Lithium based cells are appearing which claim to have the capability of a higher than normal terminal charge voltage – Li-Po cells normally are set to stop at 4.2V LiIon @ 4.1V and LiFe @ 3.6V. However some cells can be pushed higher – for instance LiFe can go to 3.9V ( at the expense of overall longevity ) with some versions claiming as high as 4.2V – similar to Li-Po and other cells can likewise be pushed a little higher than normal. Of course, most authorities on cell charging will state that longer life can be expected if the cells are stopped a little short of absolutely full – and very little difference in performance will be noticed.

Two LiFe packs on charge
One thing I love about this unit is the flexibility of these parameters and much more besides. Once into the ‘User settings’ menu, a whole host of items can be fine tuned to suit your particular needs. Apart from the terminal voltages as mentioned above (changeable for instance on Li-Po from 4.V up to 4.3V in .01v steps) the dedicated anorak wearing, button pushing geek can alter such things as ( take a deep breath ).


Trickle charge voltage levels : Li-Po balance times: Wait times between cycling programmes: Lithium battery cell check times: Peak detect sensitivity and check periods: Temperature cut-off points: Capacity limits: Maximum charge time limits: Discharge currents: Charge currents: Conditioning cycles both number of and sequence order: Input power limitations;

And so the list goes on This is a very versatile charger! For those people who simply want to plug and play the designers have cleverly arranged all the default settings to be recalled at the touch of a button and these default to the safest possible settings.


Amongst all the various programs available (another deep breath) it has Regular charge, Balance charge, Fast charge, Storage charge, Conditioning charge/ discharge, Forming charge, Discharge, Battery Monitor ( where individual cells can be monitored by the 1010B whilst being charged / discharged by another means if required ) Motor break-in ( for bedding in brushed motors – not a lot of demand these days but its there if you need it ) and perhaps more useful, and pretty unique – Hotwire Foam Cutter mode –

Thats right, you can even use it to power your foam cutting bow! Throw in the more usual settings of backlight brightness, key beeps, alarm tones, auto / manual cooling fan and so on and you begin to get the picture. Of course, as well as the newer Lithium based packs, the charger is also well equipped to handle NiMH / NiCd / and Pb (lead acid). As if all this was not enough, it also has the facility to store up to 10 different battery programs in memory, and even allows you to name the battery type stored in each of these memories, so charging any of your 10 favourite packs is simply a matter of recalling the correct one from memory and pushing the start button.

This is the end of charge screen – not much went into this pack of course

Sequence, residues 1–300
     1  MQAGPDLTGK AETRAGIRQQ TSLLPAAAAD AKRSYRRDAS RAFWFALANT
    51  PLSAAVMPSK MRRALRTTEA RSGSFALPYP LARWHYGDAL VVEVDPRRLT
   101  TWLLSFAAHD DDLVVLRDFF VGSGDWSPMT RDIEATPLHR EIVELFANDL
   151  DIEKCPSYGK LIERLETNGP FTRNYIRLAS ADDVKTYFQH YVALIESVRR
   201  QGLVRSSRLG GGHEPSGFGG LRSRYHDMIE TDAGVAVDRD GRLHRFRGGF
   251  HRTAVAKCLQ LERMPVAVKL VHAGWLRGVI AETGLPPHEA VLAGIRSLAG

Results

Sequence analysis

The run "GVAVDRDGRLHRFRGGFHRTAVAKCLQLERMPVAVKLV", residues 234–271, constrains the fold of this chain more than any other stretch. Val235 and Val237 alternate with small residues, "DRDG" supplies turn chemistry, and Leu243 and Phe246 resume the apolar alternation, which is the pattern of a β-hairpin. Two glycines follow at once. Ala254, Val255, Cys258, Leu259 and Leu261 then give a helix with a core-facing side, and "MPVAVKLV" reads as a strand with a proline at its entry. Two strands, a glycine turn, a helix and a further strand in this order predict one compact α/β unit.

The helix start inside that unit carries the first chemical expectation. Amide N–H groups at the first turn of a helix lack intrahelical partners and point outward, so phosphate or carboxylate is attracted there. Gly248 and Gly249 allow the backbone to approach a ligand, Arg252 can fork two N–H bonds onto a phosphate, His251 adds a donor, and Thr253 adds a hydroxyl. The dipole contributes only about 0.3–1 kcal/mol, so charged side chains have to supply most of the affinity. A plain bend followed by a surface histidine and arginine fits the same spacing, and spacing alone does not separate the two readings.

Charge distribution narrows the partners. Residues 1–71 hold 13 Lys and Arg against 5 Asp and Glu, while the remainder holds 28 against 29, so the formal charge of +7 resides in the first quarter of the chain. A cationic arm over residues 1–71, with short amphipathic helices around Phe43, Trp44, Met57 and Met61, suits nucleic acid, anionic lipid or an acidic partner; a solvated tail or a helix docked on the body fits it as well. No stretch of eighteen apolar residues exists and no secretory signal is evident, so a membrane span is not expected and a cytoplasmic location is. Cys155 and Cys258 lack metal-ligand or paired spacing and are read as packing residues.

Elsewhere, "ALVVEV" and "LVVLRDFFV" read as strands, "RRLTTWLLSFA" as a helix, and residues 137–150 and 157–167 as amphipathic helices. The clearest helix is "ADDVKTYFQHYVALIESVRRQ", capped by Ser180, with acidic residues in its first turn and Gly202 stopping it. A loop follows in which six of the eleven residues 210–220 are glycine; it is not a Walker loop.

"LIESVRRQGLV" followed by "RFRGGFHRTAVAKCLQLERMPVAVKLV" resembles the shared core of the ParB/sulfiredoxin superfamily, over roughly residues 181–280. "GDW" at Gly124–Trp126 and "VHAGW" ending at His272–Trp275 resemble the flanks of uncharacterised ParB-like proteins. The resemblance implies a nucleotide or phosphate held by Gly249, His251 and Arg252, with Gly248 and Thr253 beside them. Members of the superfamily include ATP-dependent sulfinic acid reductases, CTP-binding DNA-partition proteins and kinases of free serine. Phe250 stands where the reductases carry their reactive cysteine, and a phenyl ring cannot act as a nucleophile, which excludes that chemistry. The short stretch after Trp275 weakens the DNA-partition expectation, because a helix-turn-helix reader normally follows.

A goodly selection of potential error messages is on hand to warn you of such things as reverse polarity, connection break, shorted outputs, too low / high supply voltage, cell over-voltage, incorrect cell count entered / detected, and high temperatures and so on.


…..you bet I do. There are one or two little things that could be better, such as the lack of a wired USB port for updating the firmware as improved features appear regularly. Currently one has to acquire a USB- TTL convertor board, open up the unit and perform open heart surgery to connect the gizmo and allow an interface with your PC.not terribly difficult for some people, but an absolute no-go for others. It does get quite hot in discharge mode and lacks any standoffs on the bottom of the case to aid cooling.

To summarise then.. whats good?

  • 10-cell and up to 10-amp capability.
  • Maximum output a very respectable 200-watts
  • Compact size
  • Handles all types of cells – including Li-on and LiFe PO4
  • Versatility of user customisable settings
  • High discharge rates available – up to 7A
  • Highly accurate integral balancer
  • 10 battery memories – name tag assignable
  • Extensive protection features against errors in setup and charging processes
  • Auto power supply settings
  • Versatile break out balancer board with multiple and popular JST XH ports
  • Temperature probe sensor supplied
  • Informative screen display during use
  • Logical four-button selection sequence for programs

    and not so good ?

  • No ready wired USB port for firmware updates
  • Poor selection of output leads / connectors
  • No feet to aid cooling and stability
  • Slightly clicky sounding buttons but now I am nitpicking!

    Would I recommend it ? – A resounding YES! The unit is available in the UK (if there are any left!) from www.foamyjets.co.uk UPDATE. The 1010b+ is now available ( as is a cheaper 106B+ ) and this new version comes already equipped with the usb socketry and lead + its now a whopping 300 Watt capable – UP 50% from the previously very good 200 Watt.Junsi are also now supplying small stand off feet to aid the cooling. Excellent 🙂